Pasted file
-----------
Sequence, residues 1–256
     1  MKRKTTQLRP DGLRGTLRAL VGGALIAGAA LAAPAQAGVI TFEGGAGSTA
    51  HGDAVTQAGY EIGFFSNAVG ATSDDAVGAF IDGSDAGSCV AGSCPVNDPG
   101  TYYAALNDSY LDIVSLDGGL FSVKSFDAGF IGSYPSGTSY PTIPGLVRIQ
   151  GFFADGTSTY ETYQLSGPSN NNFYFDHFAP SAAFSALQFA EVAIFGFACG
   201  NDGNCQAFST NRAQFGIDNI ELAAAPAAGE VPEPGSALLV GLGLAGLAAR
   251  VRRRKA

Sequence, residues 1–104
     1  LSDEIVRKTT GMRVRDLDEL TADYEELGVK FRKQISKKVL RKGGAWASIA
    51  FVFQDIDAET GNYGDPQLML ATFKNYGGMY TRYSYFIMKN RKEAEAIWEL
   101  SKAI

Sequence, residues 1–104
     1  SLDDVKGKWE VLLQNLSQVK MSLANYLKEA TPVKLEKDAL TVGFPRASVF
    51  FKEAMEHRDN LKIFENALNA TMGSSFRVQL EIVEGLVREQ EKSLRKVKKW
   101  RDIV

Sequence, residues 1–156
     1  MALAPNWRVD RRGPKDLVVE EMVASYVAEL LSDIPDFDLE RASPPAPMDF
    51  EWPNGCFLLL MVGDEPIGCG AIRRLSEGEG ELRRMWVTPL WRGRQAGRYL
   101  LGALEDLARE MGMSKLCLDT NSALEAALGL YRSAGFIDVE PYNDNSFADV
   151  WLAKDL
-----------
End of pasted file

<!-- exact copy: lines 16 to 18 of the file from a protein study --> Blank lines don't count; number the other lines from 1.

Sequence, residues 1–156
     1  MALAPNWRVD RRGPKDLVVE EMVASYVAEL LSDIPDFDLE RASPPAPMDF
    51  EWPNGCFLLL MVGDEPIGCG AIRRLSEGEG ELRRMWVTPL WRGRQAGRYL